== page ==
Ms. Cozza also notes that home visits can make a difference and it’s important to meet families where they are. “We just did a home visit and it was really eye-opening to see the extent of poverty that was impacting the family. They met us on the porch and we asked them, ‘Do you want to put your coats on?’ They explained that their coats were in the dryer and they didn’t have any other coats. You have to be really sensitive to what the parents’ needs are. And you have to meet them where they are We say that all the time, but it really means humbling ourselves and meeting them where they are.”
3. Learn more about cultural perspectives that might be shaping families’ perceptions.
In some cases, cultural factors or perceptions may be shaping how a family feels about special education. One step you can take is to learn more from cultural liaisons or community organizations that have relationships with families. Ms. Moskovitz says, “When I recognize that a community might have this particular concern, I already know how I’m going to respond to that. Then I can hear them out and address their concerns.” She also says that some basic research can shed light on perceptions or even myths within the community.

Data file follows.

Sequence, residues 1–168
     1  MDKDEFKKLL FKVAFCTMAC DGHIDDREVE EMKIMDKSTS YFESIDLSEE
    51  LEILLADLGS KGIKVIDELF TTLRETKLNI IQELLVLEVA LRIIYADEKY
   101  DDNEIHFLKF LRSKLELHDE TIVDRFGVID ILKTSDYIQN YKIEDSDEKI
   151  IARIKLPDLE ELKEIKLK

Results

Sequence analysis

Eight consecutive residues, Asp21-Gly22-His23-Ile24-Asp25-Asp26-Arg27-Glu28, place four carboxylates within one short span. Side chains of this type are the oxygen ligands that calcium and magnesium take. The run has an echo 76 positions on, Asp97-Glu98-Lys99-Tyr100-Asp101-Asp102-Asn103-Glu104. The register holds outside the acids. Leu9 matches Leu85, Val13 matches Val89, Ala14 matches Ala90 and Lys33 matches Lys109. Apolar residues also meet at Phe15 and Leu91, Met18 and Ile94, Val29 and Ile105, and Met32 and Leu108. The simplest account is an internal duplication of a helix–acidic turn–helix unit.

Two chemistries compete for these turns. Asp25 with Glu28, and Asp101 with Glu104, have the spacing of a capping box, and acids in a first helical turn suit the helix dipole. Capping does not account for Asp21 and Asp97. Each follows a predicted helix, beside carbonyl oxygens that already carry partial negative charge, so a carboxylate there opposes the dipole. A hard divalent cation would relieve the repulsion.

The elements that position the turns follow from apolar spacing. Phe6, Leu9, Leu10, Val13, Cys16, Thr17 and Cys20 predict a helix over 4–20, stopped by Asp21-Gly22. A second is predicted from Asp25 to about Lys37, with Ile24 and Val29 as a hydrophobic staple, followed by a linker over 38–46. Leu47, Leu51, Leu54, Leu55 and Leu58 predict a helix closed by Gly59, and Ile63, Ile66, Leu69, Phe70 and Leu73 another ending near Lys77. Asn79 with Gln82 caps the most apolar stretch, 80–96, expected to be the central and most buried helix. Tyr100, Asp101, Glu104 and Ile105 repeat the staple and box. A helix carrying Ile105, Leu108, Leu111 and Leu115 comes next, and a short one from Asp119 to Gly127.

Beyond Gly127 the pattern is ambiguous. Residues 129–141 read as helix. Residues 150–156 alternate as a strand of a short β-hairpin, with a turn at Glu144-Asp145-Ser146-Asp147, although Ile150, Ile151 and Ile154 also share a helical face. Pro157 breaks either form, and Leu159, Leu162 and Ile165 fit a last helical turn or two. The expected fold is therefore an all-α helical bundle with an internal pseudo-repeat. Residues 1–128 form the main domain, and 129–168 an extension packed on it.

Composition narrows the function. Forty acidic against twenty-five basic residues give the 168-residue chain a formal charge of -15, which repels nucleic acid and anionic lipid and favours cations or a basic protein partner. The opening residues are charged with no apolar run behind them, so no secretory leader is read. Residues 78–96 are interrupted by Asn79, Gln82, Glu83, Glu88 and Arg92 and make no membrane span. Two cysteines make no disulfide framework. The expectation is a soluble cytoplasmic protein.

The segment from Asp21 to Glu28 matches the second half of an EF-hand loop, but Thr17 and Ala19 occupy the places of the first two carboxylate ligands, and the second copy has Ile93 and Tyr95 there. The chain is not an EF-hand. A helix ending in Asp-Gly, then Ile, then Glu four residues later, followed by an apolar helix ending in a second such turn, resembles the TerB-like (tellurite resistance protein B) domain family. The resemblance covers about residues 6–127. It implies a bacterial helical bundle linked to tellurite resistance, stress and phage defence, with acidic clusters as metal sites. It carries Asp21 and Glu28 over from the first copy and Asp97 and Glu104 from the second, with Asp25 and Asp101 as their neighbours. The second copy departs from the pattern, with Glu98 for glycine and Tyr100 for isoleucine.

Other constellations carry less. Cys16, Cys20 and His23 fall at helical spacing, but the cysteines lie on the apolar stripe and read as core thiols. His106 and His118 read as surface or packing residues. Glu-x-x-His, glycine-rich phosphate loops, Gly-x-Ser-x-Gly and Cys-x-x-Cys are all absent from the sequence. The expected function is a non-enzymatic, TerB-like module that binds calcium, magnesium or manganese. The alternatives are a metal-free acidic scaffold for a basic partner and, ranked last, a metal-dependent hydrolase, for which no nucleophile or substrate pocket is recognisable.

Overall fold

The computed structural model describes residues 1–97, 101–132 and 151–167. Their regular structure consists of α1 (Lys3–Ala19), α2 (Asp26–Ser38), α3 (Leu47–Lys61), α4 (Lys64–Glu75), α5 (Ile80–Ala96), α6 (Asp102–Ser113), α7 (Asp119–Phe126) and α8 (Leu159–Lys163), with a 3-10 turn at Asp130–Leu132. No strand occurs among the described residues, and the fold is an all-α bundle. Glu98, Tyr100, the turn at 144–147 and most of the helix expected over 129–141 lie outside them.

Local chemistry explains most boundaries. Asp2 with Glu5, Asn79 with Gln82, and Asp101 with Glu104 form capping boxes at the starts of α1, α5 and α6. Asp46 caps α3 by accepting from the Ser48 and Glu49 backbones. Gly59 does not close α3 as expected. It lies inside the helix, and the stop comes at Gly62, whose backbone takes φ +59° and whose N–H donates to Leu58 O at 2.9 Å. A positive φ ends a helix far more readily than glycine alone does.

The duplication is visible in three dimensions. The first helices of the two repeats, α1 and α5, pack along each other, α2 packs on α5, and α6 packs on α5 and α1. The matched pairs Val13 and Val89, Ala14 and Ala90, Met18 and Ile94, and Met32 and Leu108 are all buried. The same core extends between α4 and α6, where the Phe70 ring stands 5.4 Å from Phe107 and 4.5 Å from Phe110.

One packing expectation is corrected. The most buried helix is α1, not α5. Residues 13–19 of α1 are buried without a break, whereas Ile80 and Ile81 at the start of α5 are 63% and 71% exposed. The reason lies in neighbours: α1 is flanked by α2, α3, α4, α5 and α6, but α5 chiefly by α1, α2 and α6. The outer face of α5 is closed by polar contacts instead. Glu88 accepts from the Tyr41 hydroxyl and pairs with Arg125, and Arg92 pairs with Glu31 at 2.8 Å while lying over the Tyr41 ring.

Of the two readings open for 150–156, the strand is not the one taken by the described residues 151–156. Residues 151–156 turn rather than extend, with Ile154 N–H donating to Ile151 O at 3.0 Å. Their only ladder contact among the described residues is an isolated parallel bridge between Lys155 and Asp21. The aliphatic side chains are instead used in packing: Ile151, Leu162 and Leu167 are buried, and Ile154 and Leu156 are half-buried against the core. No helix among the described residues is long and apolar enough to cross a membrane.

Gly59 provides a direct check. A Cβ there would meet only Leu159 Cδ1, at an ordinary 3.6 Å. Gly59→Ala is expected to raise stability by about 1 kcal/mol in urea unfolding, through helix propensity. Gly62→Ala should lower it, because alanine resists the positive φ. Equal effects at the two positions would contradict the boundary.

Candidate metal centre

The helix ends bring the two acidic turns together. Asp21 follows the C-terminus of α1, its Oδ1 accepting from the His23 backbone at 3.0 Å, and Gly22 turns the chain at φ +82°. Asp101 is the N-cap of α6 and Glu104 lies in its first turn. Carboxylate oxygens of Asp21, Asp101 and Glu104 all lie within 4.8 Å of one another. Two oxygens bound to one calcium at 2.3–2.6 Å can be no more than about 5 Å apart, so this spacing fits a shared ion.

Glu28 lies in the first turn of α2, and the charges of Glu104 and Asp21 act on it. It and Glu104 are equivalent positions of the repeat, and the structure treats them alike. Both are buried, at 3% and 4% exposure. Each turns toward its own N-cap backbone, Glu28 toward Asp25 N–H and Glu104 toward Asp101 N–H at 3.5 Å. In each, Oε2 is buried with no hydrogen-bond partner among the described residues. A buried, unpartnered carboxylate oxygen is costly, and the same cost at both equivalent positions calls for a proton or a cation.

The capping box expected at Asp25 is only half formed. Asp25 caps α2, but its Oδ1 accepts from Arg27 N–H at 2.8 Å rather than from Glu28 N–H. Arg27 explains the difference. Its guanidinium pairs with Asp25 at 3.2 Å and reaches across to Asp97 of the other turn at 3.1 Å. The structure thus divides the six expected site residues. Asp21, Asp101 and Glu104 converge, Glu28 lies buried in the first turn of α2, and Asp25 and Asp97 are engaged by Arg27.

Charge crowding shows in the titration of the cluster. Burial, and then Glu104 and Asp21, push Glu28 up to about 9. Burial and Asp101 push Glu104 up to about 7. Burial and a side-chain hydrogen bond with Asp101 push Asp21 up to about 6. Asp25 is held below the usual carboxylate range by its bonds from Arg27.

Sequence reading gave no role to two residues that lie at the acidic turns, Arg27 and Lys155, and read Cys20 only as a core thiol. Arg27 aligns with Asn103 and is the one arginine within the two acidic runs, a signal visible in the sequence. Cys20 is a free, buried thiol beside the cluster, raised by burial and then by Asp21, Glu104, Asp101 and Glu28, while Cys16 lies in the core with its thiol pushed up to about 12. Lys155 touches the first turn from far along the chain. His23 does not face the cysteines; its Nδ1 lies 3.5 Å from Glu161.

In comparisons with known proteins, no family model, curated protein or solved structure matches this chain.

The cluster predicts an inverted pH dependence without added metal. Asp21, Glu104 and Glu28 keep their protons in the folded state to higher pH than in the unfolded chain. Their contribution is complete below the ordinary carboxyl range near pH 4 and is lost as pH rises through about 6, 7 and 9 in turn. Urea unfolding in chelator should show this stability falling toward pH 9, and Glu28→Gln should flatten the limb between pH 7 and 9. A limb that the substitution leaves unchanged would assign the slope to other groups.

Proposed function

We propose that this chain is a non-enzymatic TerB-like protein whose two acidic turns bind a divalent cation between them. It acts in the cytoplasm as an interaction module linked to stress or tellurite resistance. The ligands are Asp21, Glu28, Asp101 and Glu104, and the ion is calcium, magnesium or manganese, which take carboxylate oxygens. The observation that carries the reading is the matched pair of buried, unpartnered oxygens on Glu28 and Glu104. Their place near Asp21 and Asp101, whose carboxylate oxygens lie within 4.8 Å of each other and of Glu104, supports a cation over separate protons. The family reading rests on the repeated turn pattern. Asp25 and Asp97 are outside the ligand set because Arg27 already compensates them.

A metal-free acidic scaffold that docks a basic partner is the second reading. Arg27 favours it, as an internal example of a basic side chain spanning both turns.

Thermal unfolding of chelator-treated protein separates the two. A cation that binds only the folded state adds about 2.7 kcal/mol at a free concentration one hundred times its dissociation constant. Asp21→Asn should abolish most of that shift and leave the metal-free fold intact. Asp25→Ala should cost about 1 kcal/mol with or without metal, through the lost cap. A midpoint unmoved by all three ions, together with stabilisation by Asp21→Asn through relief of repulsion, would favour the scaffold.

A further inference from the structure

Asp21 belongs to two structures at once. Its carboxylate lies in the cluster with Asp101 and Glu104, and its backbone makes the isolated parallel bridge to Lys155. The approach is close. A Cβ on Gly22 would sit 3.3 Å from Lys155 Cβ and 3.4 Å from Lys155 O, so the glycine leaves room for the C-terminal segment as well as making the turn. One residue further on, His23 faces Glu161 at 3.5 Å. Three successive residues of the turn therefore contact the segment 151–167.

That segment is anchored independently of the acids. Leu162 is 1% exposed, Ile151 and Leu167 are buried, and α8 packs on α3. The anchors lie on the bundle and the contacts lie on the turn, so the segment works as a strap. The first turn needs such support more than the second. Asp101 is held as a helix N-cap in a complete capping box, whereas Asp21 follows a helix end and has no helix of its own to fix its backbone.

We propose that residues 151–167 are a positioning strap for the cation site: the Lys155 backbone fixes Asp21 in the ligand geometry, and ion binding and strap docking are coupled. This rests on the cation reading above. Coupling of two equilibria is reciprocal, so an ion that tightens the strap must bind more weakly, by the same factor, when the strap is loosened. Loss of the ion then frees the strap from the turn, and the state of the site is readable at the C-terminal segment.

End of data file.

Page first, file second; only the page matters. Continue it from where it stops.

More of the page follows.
Special education teacher Genesis Gonzalez has also seen some reluctance to accept learning disabilities within diverse groups of families she serves and has tried to find different ways to support understanding so students can get appropriate services. Unfortunately, sometimes the situation ends up creating more stress for the student at home and so it’s important to proceed with sensitivity.
Yet Ms. Gonzalez is also empathetic to parents who are reluctant to accept or address a disability. Her daughter is in first grade and is in the process of being evaluated for a learning processing issue. “It was hard for me to even accept that I had to go that route because I’m a teacher. I kept thinking, ‘I’ve been teaching you since you were a baby. Why is this happening?’” But I had to check myself. A little bit of help won’t hurt. I feel like it would be easier for parents to accept if we didn’t make learning disabilities such a taboo.”